North & East

600 cadets being trained as first responders

BY EVERARD OWEN
Observer writer
editorial@jamaicaobserver.com

Monday, July 23, 2018

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CADETS from across the country and some from the neighbouring Cayman Islands are currently at the College of Agriculture Science and Education (CASE) in Port Antonio, Portland undergoing training for further leadership roles and as community activists.

The cadets are being trained in disciplines such as air and sea, weapons management and environmental awareness. A total of 600 cadets are participating — 40 from Cayman.

Colonel Errol Johnson, who spoke to the Jamaica Observer North & East in a recent interview, said the camp is expected to last for two weeks.

“We have young volunteers and potential officers. They will be involved in air training, sea training, weapon training and field craft management. We are targeting the teachers in the high schools as one of our focuses is to expand into all high schools and this is supported strongly by the Ministry of Education, Youth and Information. They are giving us their full support in trying to accomplish this task.

“We firmly believe that if we are able to harness the energies and potential of our young people in the right direction we will have a better tomorrow; but if we throw up our arms in the air we will be surrendering tomorrow to the thugs. Our children are energetic children and we have to give them positive things to do to sap up this energy. We are confident that if we expand our force and get the required volunteers we will be able to be a part of the first responders in our society,” Johnson said.

He told Observer North & East that the cadets are practising environmental disciplines such as separation of garbage and proper disposal of garbage.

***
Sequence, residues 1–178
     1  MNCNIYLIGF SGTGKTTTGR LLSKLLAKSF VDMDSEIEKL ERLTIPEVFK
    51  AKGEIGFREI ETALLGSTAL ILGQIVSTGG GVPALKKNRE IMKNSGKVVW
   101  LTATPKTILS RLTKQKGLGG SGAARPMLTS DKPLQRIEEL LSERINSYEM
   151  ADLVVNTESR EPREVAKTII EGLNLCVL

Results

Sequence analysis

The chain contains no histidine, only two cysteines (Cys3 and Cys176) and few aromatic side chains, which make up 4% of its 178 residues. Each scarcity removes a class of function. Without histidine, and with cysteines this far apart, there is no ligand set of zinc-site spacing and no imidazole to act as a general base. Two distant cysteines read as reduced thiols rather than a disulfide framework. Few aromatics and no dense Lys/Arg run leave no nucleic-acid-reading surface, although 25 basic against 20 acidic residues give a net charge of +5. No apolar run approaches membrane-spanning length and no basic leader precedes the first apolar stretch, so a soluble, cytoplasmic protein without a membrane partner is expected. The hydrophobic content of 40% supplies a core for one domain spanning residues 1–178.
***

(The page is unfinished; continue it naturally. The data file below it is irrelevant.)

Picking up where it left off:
“As a force we are going to enforce environmental appreciation. We will have an environmental officer who will be responsible for ensuring that the cadets are fully involved in environmental issues. We hope to lead Jamaica in garbage consciousness along with other efforts that are presently in place by other groups.

“We are partnering with ODPEM (Office of Disaster Preparedness and Emergency Management) in training our adults and cadets to be first responders in cases of disaster. Our cadets are all over in the villages and if anything should happen they should be able to secure and prevent any further loss until the relevant help reaches. We are looking at shelter management, disaster management and basic first aid as some of the initiatives we are moving towards.

“Physical fitness will be emphasised because if we start from young it becomes a way of life so we need not worry about the obesity, diabetes, high blood pressure, and these things as these will be minimized because of the discipline of these young people. In addition we are encouraging them to learn basic skills such as cooking, hospitality management, how to serve a proper meal, dining etiquette and entrepreneur skills, tailoring as we give them the opportunity to develop a skill,” said Johnson.

Johnson has been involved in volunteerism since his early days as a cadet at Clarendon College.

Meanwhile, Lieutenant Nicholas Taylor, who is the commandant of the camp, was upbeat.

“We will be here for 10 days and the intention is to have the youngsters from the Jamaica Combined Cadet Force be involved in corps cadet training and value added training in environmental awareness and community projects. We are looking to do a project at Port Antonio Hospital where some hard benches will be erected.

“We are looking forward to having a representative visit Barbados where they will be having a Caribbean Cadet Camp next month. We are looking forward to this camp as the disciplines will be adjusted to have more rounded cadets and impact on our society,” Taylor said.

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